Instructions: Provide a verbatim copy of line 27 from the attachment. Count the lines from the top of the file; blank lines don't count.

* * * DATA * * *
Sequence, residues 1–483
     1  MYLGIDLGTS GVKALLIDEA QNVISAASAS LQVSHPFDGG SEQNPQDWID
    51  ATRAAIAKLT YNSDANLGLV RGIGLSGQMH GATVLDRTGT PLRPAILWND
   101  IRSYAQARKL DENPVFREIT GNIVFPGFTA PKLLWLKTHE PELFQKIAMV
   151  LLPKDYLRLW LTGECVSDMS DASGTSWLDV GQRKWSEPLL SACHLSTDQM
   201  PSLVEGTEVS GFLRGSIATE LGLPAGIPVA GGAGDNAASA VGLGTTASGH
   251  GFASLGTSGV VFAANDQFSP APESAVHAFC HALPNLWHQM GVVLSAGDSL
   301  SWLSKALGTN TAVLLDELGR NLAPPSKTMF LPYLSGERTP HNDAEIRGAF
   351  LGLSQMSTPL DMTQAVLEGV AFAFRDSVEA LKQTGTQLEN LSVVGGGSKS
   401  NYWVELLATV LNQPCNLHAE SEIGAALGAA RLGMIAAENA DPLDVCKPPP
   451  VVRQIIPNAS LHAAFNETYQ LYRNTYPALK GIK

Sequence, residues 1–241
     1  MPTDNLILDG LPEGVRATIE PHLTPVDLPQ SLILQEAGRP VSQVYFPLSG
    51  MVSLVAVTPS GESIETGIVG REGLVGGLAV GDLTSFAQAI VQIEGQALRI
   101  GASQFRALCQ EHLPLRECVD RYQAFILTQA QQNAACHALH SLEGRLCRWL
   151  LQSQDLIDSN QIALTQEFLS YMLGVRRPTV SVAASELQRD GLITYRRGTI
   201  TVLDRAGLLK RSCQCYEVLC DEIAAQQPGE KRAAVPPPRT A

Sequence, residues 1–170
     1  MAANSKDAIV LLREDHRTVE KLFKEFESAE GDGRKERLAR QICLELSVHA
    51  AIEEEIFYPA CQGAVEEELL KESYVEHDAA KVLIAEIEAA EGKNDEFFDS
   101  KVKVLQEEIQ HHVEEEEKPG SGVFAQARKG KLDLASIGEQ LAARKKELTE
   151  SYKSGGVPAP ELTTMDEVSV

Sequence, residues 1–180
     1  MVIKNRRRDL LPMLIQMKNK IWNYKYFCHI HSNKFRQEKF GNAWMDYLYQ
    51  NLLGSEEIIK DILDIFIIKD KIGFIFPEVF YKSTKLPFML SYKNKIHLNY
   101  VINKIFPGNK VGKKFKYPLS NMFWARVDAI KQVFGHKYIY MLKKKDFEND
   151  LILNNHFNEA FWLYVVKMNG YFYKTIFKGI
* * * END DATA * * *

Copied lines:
   151  LILNNHFNEA FWLYVVKMNG YFYKTIFKGI